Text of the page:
5 minutes with Shaw Mabuto

By Helen Adams
Greenwashing disinformation endangers ESG, says Shaw Mabuto of Spear Capital

‘Sustainability’ is a buzzword, ‘Greenwashing’ is not. 

The former refers to supporting balance, encouraging long-term regeneration and progress where it is needed. Examples of this in business may include hiring more neurodiverse employees or creating fully recyclable packaging.

As the impact of the climate crisis became increasingly difficult to ignore, customers started to shift from the most available option, to that which is most sustainable. 

As reported by Sustainability:

  • Research by OpenText revealed that 53% of consumers would never buy from a brand again, if it was accused of working with unethical suppliers
  • Almost one third of mid-market businesses said they felt they would face a high risk of losing business if they failed to act on environmental, social or governance policies, according to a survey from BDO

 

As a result, businesses have made changes to keep consumers satisfied, sometimes taking a financial loss in doing so.

Others have participated in ‘Greenwashing’, when a company claims to be more sustainable than it actually is. One example of this was when Volkswagen admitted to cheating emissions tests, by fitting cars with software that could reduce the emissions level when the vehicles were undergoing tests.

Shaw Mabuto is an ESG specialist and partner at the private equity company, Spear Capital. He wants to see more businesses become ESG-friendly and stand up to greenwashing. 

 

Hi Shaw! Can you tell us about Spear Capital? 

“We are a team of eight and we operate in South Africa, Zimbabwe, Zambia, and Malawi. We are backed by high net-worth investors, most in Norway and other parts of the Scandinavian region. At Spear Capital, there is no typical 9-5. We keep in contact with people and stay in touch with the news. If anything impacts our companies, then getting in contact with them and finding solutions is what is required. Bringing yourself up to speed and considering the alternatives is what we do. The challenges of Covid-19 have not been a good thing for us, but not a bad thing either.”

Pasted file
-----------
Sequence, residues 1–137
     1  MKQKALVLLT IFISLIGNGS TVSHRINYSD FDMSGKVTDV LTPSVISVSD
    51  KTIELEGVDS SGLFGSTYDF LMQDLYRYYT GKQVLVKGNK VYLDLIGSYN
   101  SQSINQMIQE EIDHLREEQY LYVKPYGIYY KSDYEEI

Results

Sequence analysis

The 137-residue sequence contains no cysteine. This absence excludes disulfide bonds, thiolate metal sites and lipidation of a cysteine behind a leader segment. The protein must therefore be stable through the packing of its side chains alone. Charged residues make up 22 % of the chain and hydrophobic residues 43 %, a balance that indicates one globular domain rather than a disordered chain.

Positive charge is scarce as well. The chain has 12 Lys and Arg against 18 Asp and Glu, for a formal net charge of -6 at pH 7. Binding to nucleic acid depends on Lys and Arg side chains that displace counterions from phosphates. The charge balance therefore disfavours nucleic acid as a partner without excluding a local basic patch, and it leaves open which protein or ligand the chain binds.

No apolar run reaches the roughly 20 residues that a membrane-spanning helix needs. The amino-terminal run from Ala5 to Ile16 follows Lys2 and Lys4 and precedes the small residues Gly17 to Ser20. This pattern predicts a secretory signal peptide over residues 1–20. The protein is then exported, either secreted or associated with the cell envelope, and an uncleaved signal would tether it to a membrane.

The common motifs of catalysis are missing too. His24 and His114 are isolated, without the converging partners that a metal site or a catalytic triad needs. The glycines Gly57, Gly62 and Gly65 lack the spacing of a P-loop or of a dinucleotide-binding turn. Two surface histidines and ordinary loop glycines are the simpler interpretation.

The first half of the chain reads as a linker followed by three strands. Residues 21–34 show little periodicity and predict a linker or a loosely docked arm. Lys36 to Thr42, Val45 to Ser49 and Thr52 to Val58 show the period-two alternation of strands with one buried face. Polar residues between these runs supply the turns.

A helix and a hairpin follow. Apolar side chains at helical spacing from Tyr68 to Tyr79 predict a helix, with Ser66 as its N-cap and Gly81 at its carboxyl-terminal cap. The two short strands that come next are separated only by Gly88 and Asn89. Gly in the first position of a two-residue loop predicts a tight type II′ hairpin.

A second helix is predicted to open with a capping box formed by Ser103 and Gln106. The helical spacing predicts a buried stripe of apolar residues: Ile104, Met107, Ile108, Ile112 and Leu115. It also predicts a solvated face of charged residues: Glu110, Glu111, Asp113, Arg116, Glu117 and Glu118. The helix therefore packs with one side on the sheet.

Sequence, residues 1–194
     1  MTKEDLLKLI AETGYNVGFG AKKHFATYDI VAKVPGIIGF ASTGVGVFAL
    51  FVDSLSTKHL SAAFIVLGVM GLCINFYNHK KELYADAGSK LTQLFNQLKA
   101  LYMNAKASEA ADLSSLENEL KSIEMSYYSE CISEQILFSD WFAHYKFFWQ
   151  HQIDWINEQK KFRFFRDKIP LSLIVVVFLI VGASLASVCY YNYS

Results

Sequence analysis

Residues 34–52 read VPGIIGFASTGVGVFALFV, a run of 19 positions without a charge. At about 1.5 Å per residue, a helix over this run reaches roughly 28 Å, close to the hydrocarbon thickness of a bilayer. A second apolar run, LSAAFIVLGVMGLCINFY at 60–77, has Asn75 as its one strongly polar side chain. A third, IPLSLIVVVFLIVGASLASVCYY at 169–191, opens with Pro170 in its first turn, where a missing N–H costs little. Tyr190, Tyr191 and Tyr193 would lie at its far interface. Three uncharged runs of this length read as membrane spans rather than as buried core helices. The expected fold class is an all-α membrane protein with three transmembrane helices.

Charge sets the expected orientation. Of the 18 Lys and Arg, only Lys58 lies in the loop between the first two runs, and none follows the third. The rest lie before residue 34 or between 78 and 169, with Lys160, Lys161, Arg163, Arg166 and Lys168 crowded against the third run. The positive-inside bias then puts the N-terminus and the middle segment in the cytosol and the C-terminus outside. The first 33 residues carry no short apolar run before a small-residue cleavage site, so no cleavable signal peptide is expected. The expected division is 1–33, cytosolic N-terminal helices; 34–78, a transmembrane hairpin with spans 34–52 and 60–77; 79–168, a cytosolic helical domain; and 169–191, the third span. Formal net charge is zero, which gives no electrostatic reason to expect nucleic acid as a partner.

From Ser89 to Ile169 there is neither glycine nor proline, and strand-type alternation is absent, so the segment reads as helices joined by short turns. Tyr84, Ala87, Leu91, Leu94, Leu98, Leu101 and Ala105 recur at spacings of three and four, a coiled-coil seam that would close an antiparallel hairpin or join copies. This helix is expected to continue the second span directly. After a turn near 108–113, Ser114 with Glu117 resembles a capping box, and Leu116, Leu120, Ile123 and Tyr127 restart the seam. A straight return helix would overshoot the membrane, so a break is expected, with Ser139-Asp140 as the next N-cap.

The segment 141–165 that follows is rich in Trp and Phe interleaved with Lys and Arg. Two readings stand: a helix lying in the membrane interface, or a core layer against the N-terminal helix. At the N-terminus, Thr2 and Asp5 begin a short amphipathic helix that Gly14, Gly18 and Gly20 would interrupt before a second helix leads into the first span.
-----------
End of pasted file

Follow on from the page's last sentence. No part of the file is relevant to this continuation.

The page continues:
What has working internationally taught you?

“We are all thinking ‘The sooner Covid-19 has gone away, the better’! We are in different places, dealing with the same things, but we are closer than people like to think and communication is really key when working so physically far apart”

 

What does ESG mean to you?

“It has become so topical - a few years ago nobody was talking about it. For me, ESG is a standard for companies to be aware of. The three pillars are: 

  • Environment: is to consider how companies perform against others
  • Social: the relationship between employees, employers and customers
  • Governance: shareholders issue within that organisation.”

 

What impact can an ESG framework have on a business?

“I think what it does is give targets. In the same way that a review keeps track of your framework. A big one for the ESG framework that is doing the rounds right now, is carbon emissions. Also, we have issues of historically disadvantaged communities and there are some metrics to take into consideration. What percentage of your management is female etc. How are you tracking your progress, targets and goals?”

 

Can you explain to us what “greenwashing” is and why it’s a problem?

“I think greenwashing in accounting terms is when people are looking at a company which is desperate for money and so it presents values that the customer wants to hear, even if they aren't actively initiating them. Trying to give the impression that it’s an environmentally responsible company, when it’s not. This is disinformation.”

 

What can be done to stop this?

“It’s quite technical, from my point of view the issue here is that we should have audits. It makes sense. There is a large community of people who are looking to invest in sustainability. I think it makes sense for you to be able to prove that you are a sustainable company independently.”

 

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